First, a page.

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Workplace Abuse's 'Ugly' Truth

In what's described as a first-of-a-kind study, researchers find that unattractive workers are more likely be the target of cruel behavior by co-workers.

Wednesday, July 24, 2013
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Are unattractive workers more likely to be on the receiving end of hostile and abusive behavior by colleagues?

If we're to believe the findings of a recent study by researchers at Michigan State University and the University of Notre Dame, the answer is yes.

In an article published in the latest edition of Human Performance, the researchers report the findings of a recent study that showed unattractive workers are more likely to be harassed and bullied by colleagues in their organization.

Appearance matters, they conclude.

The authors -- Brent Scott, associate professor of management at Michigan State University, and  Timothy A. Judge, professor at the University of Notre Dame – surveyed 114 workers at a healthcare facility in the southeastern United States, asking them how often their co-workers engaged in cruel behavior toward them (including saying hurtful things, acting rudely and making fun of them). 

Those deemed unattractive, the researchers found, were treated much more harshly than attractive employees, even when factors such as age, gender and tenure at the healthcare facility were factored in. (People who didn't know them were asked to rate their attractiveness from digital photos.)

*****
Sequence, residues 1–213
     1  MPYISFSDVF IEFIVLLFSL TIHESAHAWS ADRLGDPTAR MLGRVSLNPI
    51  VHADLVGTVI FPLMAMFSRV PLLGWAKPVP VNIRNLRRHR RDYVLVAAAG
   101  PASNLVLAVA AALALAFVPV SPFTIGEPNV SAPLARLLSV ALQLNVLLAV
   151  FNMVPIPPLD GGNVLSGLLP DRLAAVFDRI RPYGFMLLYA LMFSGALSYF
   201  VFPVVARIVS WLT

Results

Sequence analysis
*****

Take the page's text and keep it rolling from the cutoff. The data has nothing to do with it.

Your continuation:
"Although we like to think that we're professional and mature in the workplace," says Scott, "it can be just like high school in many ways."

Scott and Judge also explored how agreeable or friendly the workers were, based on questionnaires completed by their spouses, partners and friends, finding disagreeable workers are treated more harshly by their co-workers.

Knowing the potential target of hurtful behavior could help managers monitor susceptible employees and prevent them from becoming victims, Scott says.

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Not everyone agrees that's the answer, however.

Gary Namie, director of the Workplace Bullying Institute, suggests the researchers are confusing workplace bullying with counterproductive work behavior.

By focusing on the victims, he says, they're missing the point.

"WBI's experience with the attractiveness of bullied targets is exactly the opposite of the business school prediction," Namie says. "Often women targeted for bullying are more attractive than their bullies. They are resented for their appearance. The reason for targeting is the threat perceived by the bully," such as jealousy or envy.

In light of that, Namie believes employers should focus on the aggressor and the work culture that encourages him or her, not the "victim," pointing out that in the U.S. "most mistreatment is perpetuated by managers."

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